Posted December 18, 2020
We've all been there: The clock is running out and you still haven't gotten that little something for everyone on your list.
This year, skip the socks and scratch-offs and hook-up the guitarist in your life with a gift they'll appreciate and actually use. We've compiled a quick list of stocking stuffers that should be available at the last-minute and will be a welcome addition to any guitar player's gear collection.
Posted July 10, 2020
The guitar fretboard or “fingerboard” is the part of the guitar where all of the metal frets are placed. The fretboard is used by holding down the strings against each fret and then either picking or strumming some, or all of the strings. The vibrating motion of the string against the metal frets create the sounds of different musical notes. The fretboard of a modern guitar is made up of a number of pieces and it’s important for guitar players to know which piece is which, as well as learn ways to develop memorization of the fretboard notes.
Posted February 27, 2020
Guitar mods and guitar upgrades can be difficult to pull off if you are not handy, but not all of them require a deep knowledge of the instrument. One may easily install a set of locking tuners, or check intonation, for example. Here are five tips you should consider when upgrading or modding your guitar. Please keep in mind that even though some of these are not easy, they are definitely doable!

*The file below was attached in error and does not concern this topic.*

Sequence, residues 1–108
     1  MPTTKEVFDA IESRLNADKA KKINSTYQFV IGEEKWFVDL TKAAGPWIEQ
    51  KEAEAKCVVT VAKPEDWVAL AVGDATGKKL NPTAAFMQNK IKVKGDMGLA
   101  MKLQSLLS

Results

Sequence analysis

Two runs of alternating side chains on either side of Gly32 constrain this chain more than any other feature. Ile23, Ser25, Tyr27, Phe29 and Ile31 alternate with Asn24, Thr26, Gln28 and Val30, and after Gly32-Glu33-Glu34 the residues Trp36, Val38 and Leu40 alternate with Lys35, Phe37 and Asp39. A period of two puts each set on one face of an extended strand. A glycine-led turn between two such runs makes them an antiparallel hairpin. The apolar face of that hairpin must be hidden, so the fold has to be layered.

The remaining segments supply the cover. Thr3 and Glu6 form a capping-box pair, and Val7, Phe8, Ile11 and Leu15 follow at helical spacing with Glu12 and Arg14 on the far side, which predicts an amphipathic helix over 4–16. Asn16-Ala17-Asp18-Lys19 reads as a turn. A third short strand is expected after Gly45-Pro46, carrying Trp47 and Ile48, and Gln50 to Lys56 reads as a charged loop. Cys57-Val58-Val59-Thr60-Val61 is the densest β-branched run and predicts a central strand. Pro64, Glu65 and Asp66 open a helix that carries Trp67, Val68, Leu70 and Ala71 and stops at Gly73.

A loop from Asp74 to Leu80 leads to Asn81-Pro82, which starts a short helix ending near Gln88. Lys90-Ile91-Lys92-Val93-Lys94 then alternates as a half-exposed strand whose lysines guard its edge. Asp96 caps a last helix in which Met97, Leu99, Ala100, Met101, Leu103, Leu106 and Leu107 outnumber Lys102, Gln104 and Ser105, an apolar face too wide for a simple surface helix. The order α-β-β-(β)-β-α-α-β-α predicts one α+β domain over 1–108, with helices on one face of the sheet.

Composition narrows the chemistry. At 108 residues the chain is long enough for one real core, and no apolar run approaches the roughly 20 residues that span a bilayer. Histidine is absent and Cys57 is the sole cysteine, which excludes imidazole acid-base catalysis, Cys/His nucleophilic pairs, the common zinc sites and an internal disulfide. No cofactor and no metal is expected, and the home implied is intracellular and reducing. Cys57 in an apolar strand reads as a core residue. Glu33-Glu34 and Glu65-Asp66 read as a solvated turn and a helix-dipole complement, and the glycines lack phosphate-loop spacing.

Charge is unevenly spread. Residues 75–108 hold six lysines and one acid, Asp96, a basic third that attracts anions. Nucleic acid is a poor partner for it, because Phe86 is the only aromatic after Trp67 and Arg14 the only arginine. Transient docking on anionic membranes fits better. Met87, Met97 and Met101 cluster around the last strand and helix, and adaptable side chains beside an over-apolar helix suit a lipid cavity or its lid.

Posted January 14, 2020
Guitar setup is super important, especially for new guitars. New guitars are most likely shipped to your home and have to endure varying temperatures and conditions. Guitars that are not shipped are often sitting inside a store, constantly being played, touched, and exposed. Luckily for you, we have a great lesson on what to do when you first get a new guitar.
Posted December 27, 2019
The guitar pedal order is important because having effects in your signal chain can potentially degrade your guitar’s tone. As a basic rule of thumb is to put the volume and non-destructive effects up front, or closest to your guitar while the modulation and time effects like delay go at the end.
Thankfully, there’s a nifty graphic in this blog post for you so you don’t have to remember which types of pedals go first or last in your signal chain.